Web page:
tiggy2 Posted 8 Jan 2010 , 5:58pm
post #6 of 82

It depends on each individuals financial status. DH and I both work and no kids at home so after the household bills are covered we each have our "own money". If he wants to give a cake to a friend or co-worker he pay for the supplies and I will be happy to make it for him.

JuJu23 Posted 8 Jan 2010 , 6:06pm
post #7 of 82

I guess i was looking more for when random people who are friends of friends ask you to do something for them and you know its going to cost a lot of money, do you do for free? Or do you turn them down and say no but thank you.

Do i eventually want to start my own business yes... i'm just trying to feel people out. I will make cakes for family and friends as my gift and i dont want to turn people down who ask outside of this circle, but sometimes its so expensive when someone wants Sugar Diamonds icon_smile.gif What do you do?

Donnawb Posted 8 Jan 2010 , 6:06pm
post #8 of 82

If you keep your "cake toys" to a minimum, I don't find this to be a very expensive hobby. That's what I ask for now for birthdays and Christmas.

LaBellaFlor Posted 8 Jan 2010 , 6:15pm
post #9 of 82

If people outside your circle want a cake and you don't want to do it for free, look into starting a business, say no, or find a sugar daddy. thumbs_up.gif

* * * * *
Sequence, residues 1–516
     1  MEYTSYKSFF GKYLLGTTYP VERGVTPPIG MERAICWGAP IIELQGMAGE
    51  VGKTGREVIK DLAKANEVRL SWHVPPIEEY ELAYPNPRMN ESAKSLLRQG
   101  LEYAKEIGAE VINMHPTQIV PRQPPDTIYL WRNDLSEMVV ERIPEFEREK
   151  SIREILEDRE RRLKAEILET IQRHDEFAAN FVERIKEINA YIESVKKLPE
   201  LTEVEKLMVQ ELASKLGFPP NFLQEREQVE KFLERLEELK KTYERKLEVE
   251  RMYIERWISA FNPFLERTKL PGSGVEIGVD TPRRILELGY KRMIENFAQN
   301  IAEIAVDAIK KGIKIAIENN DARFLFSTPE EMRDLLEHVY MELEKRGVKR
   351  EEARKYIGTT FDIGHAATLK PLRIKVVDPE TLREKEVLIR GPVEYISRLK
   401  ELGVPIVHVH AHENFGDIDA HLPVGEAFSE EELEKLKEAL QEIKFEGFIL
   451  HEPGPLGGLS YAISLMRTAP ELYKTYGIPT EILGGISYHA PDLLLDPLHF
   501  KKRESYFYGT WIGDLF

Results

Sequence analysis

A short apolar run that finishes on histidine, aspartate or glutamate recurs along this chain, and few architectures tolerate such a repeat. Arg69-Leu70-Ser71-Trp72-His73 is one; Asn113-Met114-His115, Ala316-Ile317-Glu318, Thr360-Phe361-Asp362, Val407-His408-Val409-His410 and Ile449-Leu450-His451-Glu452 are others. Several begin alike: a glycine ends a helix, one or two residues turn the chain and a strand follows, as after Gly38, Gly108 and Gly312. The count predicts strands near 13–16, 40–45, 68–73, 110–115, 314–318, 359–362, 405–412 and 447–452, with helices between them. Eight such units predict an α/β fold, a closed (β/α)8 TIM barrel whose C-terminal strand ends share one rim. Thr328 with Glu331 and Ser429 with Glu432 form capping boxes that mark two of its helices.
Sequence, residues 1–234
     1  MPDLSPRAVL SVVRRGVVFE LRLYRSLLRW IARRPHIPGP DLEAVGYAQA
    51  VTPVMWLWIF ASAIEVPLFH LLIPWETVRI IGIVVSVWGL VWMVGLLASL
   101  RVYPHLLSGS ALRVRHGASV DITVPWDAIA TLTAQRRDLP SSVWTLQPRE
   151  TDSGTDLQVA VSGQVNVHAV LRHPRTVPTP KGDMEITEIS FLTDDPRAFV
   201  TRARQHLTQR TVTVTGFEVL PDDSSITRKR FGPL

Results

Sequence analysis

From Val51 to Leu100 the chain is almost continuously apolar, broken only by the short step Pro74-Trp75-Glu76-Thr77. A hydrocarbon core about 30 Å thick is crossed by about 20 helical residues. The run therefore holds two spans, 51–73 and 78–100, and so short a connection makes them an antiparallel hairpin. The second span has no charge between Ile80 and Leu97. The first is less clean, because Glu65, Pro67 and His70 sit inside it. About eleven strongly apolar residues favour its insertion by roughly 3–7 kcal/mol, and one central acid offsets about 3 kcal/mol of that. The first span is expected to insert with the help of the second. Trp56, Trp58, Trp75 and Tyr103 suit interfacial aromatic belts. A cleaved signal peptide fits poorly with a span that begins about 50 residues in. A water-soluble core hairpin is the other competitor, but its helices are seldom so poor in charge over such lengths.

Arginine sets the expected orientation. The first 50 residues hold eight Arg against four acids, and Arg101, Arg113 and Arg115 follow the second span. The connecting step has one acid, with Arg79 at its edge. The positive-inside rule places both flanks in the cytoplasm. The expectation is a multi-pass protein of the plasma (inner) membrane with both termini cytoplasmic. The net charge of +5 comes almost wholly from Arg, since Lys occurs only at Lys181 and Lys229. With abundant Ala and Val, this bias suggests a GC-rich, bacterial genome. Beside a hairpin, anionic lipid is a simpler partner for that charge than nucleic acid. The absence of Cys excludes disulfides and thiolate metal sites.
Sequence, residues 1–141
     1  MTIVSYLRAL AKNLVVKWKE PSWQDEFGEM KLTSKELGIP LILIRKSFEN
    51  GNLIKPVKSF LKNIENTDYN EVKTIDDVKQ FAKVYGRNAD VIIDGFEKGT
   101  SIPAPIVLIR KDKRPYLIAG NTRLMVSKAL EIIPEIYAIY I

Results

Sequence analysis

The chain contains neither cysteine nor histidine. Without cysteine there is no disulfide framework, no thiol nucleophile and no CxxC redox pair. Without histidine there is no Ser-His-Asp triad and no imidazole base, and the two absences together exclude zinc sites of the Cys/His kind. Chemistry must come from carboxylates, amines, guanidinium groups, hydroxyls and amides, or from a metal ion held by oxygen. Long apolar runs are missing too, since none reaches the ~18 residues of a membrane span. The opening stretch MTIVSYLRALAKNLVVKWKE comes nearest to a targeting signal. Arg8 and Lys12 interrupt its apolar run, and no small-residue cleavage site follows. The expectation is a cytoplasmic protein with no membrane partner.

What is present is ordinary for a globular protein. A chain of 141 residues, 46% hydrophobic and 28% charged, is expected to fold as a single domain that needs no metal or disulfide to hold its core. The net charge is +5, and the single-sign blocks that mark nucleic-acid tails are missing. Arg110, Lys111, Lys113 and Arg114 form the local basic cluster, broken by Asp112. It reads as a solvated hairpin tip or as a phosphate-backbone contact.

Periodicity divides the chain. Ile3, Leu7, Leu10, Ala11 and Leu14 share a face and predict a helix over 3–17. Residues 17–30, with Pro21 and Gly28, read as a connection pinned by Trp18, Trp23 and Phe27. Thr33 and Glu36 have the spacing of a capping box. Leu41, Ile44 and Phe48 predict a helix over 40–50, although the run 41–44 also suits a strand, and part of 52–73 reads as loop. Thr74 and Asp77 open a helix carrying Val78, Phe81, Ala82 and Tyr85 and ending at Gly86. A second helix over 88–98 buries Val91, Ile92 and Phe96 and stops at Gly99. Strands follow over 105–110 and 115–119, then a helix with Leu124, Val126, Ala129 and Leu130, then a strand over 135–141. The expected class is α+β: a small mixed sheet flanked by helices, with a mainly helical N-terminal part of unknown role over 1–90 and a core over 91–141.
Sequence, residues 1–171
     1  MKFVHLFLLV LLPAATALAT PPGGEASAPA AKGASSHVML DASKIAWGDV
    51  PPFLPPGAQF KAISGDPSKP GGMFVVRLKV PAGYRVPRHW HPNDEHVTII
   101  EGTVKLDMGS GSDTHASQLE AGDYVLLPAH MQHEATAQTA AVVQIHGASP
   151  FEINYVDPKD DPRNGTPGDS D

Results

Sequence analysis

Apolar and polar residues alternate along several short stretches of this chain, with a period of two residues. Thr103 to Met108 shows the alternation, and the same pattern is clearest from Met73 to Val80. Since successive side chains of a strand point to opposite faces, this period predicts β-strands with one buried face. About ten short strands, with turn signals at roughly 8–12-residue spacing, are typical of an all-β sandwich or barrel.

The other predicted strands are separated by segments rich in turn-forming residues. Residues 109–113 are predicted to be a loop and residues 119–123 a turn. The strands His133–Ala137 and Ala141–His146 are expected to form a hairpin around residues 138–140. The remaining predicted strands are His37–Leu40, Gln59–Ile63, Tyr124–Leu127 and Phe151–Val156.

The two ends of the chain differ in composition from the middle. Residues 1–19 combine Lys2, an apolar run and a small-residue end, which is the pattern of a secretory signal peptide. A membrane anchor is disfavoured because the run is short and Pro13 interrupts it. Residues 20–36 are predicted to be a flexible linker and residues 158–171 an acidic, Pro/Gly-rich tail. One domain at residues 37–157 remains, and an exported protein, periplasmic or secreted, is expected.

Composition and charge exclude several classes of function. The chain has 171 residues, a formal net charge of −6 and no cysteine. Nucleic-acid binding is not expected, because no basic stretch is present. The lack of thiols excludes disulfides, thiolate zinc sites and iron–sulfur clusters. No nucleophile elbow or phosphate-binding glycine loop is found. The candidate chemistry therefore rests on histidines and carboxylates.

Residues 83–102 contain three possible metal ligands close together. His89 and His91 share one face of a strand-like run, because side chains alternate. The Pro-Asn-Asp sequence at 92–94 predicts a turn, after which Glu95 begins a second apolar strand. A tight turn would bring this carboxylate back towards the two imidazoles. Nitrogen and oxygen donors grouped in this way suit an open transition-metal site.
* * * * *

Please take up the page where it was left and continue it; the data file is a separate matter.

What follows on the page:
tiggy2 Posted 8 Jan 2010 , 6:16pm
post #10 of 82

If I "offer" it's free, if you "ask" it's going to cost you something.

KieslerKakes Posted 8 Jan 2010 , 6:18pm
post #11 of 82

I'm a Hobby Baker also. It is expensive and I to use Christmas money and Birthday money to purchase items. I purchas lot of cake decorating items from Hobby Lobby and use my 40% off coupons. I never pay full price. If I see something at Target, I wait until I have a HL coupon and purchase it. Most of my cakes are for family and friends and they usually give a donation to help cover larger costs of something special. I love cake decorating so much it's not about the money it's about being creative and doing something you truly love to do. I get books, mixers, etc for presents and that usually holds me over for awhile. I watch for sales in stores, marked down items and clearance items. You can purchase items at yard sales and on Craigs List etc.

Mike1394 Posted 8 Jan 2010 , 6:24pm
post #12 of 82

What about other hobbies? Green fees are a whole lot more expensive than making a cake. What if flying is your hobby. Why does a hobby have to pay for itself?


threeforhim Posted 8 Jan 2010 , 6:30pm
post #13 of 82

I do the same as some of the other posters: use extra money from budgeting, receive money as gifts and use it for cake toys or have books and cake things given to me as gifts. Sometimes people pay me for supplies and that helps tremendously. I usually just do cakes for friends and family. I used to do a lot of scrapbooking. I completed two rather large ones for my daughter's h.s. graduation. Since then I haven't srapped much. It was an ongoing expense as well, so I've just traded hobbies for a while.